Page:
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Document Details :

Title: Contest and Rivalry in Mediterranean Maritime Commerce in the First Half of the Eighteenth Century
Subtitle: The Jews of Salonika and the European Presence
Author(s): ROZEN, Minna
Journal: Revue des Études Juives
Volume: 147    Issue: 3-4   Date: juillet-décembre 1988   
Pages: 309-352
DOI: 10.2143/REJ.147.3.2012877

Abstract :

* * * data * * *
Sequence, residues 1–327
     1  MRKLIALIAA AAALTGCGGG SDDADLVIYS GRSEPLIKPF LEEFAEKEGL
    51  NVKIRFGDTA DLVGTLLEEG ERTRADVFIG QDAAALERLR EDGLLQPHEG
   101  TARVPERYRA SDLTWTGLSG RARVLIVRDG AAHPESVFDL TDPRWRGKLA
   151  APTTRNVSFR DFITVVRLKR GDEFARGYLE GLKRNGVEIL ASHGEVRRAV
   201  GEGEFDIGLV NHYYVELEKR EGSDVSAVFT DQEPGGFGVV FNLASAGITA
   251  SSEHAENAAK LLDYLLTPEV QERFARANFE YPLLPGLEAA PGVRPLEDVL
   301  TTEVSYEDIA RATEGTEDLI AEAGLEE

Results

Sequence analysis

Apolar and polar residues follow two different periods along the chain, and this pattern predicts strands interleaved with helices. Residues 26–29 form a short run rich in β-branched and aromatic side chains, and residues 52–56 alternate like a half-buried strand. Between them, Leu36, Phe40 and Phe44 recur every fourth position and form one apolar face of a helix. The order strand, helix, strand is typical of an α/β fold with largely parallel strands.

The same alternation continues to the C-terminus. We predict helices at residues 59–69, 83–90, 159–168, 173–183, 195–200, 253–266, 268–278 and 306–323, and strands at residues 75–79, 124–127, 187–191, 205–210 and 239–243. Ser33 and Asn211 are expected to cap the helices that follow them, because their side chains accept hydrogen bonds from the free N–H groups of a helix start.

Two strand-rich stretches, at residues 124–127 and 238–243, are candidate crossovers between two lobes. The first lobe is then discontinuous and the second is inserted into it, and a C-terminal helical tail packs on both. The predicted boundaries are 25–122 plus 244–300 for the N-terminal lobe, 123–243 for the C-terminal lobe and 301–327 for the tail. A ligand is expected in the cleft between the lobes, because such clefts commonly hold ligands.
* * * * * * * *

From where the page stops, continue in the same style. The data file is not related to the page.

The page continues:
This article is based on archival sources (Archives de la Chambre de Commerce de Marseille, Archives Nationales de France, the Public Record Office of Great Britain) and on Hebrew documents, mainly Responsa literature from the eighteenth century. It successively deals with the first steps of west European nations in the Salonika trade; the French consulate and the Jews of Salonika; the Jews of Livorno («Francos») under the auspices of the French consulate in Salonika; the competition over the Jewish protégés; the status of Francos in west European trade. The main innovations of this research are: (1) The use made of the above sources to describe and analyze the relations between Salonika Jews and especially the Francos, and the French and British consulates; (2) The use of the French statistical material to evaluate the role of the Ottoman Jews in European Trade. This has never been done before in the historiography of the Jews in the Ottoman Empire. This study reexamines and modifies two common but contradictory views that have dominated Jewish and non-Jewish historiography. (a) Jewish historiography using Hebrew sources draws a picture of severe economic deterioration affecting the Salonika community during the eighteenth century. This picture needs correction. Our research shows that though the cloth industry of Salonika had declined significantly, and the community as a whole suffered from great financial pressures, the demographic weight of Salonika Jewry enabled the community to wield economic and political power. When new forces appeared in the port of Salonika, namely the European nations, the native Jews were able successfully to make use of their connections with the Ottoman authorities and their remaining financial resources, in order to face the changes that had taken place in the city. (b) The second stereotype found in European historiography, based upon consular correspondance which was written without recourse to any statistical material, depicts the Jewish merchant as dominating the trade of Salonika, and especially that with Italy. This picture, too, is invalidated by the statistical material. The Jewish merchant in eighteenth-century Salonika played an important role in the trade with western Europe, but he certainly did not dominate it. It would be much more accurate to say that he managed to adapt himself to the circumstances of the changing times.

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